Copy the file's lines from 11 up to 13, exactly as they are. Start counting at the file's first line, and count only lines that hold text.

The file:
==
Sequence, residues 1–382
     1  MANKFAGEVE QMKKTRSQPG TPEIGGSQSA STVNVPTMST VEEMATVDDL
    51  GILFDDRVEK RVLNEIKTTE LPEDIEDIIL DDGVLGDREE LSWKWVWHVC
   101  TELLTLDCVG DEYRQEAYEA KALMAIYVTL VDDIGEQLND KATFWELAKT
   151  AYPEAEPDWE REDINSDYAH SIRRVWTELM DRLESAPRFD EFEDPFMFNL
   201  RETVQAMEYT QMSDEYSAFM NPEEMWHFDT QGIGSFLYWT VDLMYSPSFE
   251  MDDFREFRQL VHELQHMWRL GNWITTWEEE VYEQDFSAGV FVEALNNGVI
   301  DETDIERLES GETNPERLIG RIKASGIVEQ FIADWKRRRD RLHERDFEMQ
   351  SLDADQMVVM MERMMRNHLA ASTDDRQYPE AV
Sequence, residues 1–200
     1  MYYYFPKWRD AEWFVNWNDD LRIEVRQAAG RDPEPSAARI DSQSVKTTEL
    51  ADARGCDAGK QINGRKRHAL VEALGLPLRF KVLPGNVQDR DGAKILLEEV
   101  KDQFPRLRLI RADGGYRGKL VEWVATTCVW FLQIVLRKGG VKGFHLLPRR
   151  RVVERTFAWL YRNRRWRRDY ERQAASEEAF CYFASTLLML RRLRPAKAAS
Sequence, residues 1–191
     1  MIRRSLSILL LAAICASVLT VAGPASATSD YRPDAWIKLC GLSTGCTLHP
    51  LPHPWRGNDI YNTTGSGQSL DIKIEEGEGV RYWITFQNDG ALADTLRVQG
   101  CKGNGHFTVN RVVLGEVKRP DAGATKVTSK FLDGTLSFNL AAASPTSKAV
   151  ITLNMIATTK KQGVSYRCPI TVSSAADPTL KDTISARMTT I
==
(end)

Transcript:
     1  MYYYFPKWRD AEWFVNWNDD LRIEVRQAAG RDPEPSAARI DSQSVKTTEL
    51  ADARGCDAGK QINGRKRHAL VEALGLPLRF KVLPGNVQDR DGAKILLEEV
   101  KDQFPRLRLI RADGGYRGKL VEWVATTCVW FLQIVLRKGG VKGFHLLPRR